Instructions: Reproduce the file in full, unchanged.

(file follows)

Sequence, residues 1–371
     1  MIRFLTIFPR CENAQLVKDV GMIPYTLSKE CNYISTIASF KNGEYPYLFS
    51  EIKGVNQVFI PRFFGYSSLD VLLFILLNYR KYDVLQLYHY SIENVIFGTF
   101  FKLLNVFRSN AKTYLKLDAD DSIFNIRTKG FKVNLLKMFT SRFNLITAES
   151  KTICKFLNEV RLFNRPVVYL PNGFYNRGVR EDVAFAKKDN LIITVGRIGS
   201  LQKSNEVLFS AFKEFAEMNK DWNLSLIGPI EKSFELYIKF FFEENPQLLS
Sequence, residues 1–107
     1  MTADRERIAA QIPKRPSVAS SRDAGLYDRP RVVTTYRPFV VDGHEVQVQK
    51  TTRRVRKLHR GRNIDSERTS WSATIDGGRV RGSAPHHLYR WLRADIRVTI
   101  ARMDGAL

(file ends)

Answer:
Sequence, residues 1–371
     1  MIRFLTIFPR CENAQLVKDV GMIPYTLSKE CNYISTIASF KNGEYPYLFS
    51  EIKGVNQVFI PRFFGYSSLD VLLFILLNYR KYDVLQLYHY SIENVIFGTF
   101  FKLLNVFRSN AKTYLKLDAD DSIFNIRTKG FKVNLLKMFT SRFNLITAES
   151  KTICKFLNEV RLFNRPVVYL PNGFYNRGVR EDVAFAKKDN LIITVGRIGS
   201  LQKSNEVLFS AFKEFAEMNK DWNLSLIGPI EKSFELYIKF FFEENPQLLS
Sequence, residues 1–107
     1  MTADRERIAA QIPKRPSVAS SRDAGLYDRP RVVTTYRPFV VDGHEVQVQK
    51  TTRRVRKLHR GRNIDSERTS WSATIDGGRV RGSAPHHLYR WLRADIRVTI
   101  ARMDGAL